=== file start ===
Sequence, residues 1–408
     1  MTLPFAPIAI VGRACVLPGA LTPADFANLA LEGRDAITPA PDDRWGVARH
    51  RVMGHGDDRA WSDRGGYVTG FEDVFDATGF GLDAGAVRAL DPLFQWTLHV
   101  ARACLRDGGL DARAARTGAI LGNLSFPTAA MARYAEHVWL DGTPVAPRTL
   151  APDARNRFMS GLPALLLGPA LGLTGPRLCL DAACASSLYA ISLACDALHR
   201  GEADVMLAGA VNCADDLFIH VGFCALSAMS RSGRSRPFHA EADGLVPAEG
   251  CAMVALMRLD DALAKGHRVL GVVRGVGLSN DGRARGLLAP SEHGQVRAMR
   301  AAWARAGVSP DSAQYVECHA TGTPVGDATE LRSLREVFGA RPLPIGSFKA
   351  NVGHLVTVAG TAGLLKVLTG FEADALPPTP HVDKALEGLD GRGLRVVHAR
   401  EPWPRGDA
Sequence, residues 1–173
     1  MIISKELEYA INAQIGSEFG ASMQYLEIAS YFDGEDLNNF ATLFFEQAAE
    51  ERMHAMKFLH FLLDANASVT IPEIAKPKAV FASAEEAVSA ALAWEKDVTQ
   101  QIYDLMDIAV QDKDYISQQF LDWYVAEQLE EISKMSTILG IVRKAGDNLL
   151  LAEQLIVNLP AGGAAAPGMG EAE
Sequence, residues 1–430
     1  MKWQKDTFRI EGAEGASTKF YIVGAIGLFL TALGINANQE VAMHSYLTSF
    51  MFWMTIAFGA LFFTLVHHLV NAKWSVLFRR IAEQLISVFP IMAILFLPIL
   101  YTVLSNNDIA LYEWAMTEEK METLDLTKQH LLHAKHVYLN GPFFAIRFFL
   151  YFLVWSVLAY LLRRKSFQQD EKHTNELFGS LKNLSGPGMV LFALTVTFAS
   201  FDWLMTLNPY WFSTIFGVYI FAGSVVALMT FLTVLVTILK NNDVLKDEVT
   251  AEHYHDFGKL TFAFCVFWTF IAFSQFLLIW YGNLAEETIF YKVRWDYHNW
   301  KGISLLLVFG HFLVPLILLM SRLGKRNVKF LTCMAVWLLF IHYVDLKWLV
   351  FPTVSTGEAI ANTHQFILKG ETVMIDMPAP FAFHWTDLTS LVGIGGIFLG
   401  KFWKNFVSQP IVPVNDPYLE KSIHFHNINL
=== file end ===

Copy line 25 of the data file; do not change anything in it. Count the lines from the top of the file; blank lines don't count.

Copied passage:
   401  KFWKNFVSQP IVPVNDPYLE KSIHFHNINL